9 Broscience Myths Destroyed With Actual Science

Mike Wines
Written By: Mike Wines
August 6th, 2015
Updated: October 27th, 2021
96.6K Reads
Bodybuilder standing in squat rack looking down
You want the truth? Maybe you can't handle the truth. But either way, it's time to learn what the research has to say and decide for yourself.

Alright, listen up bro, I’m here to crush some hopes and dreams.

If you’re not familiar with this commonly used fitness terminology, consider this succinct definition from nutritional wizard and broscientist expert, Alan Aragon: 

“Broscience is the predominant brand of reasoning in bodybuilding circles where the anecdotal reports of jacked dudes are considered more credible than scientific research.”

Essentially, it’s any piece of advice that has been handed down each decade from bench happy meatheads to their eager Padawans who have been half squatting since their first day under the bar.

Luckily for you, this article is going to drop the hammer on some of the biggest myths in the fitness industry in order to help you save time, reduce anxiety, and simplify the muscle building process.

1. Fasted Cardio

Ever since the dawn of the internet, bros everywhere have been waking up with an empty stomach to walk on a treadmill in the hopes that it would somehow help them reach elite levels of body fat while staying anabolic.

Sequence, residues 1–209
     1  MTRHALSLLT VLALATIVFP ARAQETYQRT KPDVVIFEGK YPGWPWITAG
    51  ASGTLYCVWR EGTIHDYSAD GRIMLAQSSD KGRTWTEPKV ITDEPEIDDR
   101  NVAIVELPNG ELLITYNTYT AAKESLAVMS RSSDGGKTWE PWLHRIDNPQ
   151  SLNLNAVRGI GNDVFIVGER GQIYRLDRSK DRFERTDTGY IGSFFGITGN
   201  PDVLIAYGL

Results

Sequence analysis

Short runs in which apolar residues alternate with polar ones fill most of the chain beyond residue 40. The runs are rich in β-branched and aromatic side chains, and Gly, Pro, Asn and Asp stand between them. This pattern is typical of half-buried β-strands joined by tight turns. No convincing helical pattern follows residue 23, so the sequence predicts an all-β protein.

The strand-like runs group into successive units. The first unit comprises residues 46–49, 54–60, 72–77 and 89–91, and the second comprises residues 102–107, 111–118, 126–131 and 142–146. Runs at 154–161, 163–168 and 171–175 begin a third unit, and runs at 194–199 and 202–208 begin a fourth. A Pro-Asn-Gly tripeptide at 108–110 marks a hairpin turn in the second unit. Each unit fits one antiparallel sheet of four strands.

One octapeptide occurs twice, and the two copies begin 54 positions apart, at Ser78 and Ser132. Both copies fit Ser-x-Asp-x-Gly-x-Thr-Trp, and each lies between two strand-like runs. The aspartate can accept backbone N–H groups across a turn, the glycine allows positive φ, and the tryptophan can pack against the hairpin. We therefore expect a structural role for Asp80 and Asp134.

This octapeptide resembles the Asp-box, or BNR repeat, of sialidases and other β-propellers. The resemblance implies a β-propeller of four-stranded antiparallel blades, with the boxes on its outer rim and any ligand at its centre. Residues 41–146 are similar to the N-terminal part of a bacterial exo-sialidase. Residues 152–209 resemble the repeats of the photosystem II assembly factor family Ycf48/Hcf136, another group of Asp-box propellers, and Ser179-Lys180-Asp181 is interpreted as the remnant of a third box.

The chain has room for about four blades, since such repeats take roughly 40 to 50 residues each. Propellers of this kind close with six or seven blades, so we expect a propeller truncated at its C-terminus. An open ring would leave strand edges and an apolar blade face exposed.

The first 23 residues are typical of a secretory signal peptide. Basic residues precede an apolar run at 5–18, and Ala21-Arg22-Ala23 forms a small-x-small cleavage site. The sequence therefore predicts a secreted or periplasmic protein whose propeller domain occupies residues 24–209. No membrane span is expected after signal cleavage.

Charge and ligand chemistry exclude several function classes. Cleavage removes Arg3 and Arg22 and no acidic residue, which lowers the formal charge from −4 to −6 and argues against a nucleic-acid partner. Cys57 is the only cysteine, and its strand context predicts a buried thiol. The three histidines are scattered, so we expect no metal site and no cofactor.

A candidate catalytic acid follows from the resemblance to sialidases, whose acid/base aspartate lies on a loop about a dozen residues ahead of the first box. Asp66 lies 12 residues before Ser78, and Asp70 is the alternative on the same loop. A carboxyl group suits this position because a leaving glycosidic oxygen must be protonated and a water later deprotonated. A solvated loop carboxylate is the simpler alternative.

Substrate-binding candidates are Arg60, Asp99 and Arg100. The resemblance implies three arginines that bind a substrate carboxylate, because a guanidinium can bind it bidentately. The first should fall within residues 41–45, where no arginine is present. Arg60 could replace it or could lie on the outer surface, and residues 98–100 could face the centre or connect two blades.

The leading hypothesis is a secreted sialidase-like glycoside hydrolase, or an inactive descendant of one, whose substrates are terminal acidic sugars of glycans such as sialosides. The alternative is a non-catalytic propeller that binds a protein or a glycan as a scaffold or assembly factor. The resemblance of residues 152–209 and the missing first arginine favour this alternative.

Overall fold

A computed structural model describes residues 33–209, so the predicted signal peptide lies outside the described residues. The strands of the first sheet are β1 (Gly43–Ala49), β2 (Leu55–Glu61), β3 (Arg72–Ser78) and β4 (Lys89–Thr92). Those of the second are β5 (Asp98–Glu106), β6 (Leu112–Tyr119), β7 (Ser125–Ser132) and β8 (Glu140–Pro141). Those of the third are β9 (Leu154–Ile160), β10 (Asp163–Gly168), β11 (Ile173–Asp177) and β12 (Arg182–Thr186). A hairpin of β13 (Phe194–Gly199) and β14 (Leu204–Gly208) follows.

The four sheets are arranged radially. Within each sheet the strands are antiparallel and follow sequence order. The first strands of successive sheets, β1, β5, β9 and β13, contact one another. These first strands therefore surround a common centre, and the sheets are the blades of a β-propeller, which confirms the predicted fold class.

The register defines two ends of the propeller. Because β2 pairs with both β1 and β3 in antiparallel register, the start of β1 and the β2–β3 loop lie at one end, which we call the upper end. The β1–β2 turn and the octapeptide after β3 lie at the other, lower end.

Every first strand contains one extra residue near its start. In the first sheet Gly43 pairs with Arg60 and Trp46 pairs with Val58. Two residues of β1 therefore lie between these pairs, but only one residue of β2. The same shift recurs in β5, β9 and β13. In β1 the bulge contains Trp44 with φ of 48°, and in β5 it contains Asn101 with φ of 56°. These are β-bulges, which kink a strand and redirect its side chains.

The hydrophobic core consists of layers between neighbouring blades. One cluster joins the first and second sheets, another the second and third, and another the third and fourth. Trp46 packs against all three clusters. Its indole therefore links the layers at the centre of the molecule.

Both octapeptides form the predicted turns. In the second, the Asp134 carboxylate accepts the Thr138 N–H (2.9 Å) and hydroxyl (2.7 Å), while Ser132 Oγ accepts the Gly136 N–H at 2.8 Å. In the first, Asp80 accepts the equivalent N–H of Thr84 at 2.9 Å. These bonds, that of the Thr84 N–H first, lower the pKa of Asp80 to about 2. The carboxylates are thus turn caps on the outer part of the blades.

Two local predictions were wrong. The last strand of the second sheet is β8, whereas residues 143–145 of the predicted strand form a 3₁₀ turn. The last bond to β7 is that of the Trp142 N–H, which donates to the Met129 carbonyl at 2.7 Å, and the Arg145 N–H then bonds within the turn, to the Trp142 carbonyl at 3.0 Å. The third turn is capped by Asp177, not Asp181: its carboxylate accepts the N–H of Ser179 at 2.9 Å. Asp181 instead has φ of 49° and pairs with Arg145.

News flash, just in case you haven’t kept up with research surrounding physiology and the human body – fasted cardio has no additional benefits to body composition outside of those already found with fed cardio and an ample caloric deficit.[1]

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To quote a recent study from Mr. Aragon himself,

There is evidence that a greater utilization of fat for fuel during a given time period is compensated by a greater carbohydrate utilization later in the day. Hence, fat burning must be considered over the course of days, not on an hour to hour basis, to meaningfully assess its impact on body composition."

Yep, you read that right, the “fat burning zone” marketed on most treadmills and cycle ergometers is nothing more than a misinterpretation of science and human physiology.

No more growling stomachs or moody mornings while you’re trying to get those cardiovascular gains. 

2. Anabolic Window

If your house doesn’t have anabolic windows installed then you’re missing out. These things are guaranteed to fend off catabolism even in the worst of conditions.

In all seriousness though, bros have been trying to jump through the anabolic window ever since the first curl was completed in the squat rack.

We know from research conducted on the subject that the muscle protein synthesis (MPS) response from a mixed macronutrient meal lasts anywhere from 3-4 hours and cannot be re-stimulated due to the refractory nature of circulating amino acids.[2]

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However, it should be noted that carbohydrate utilization is generally higher after exercise given the upregulation of GLUT-4 which functions as a glucose modulator across the cell membrane.

From a physiological standpoint, if you’ve eaten a meal within 60-90 minutes of training, then there is no immediate need to ingest protein after your training session due to the high levels of amino acid availability from previous meals.[2]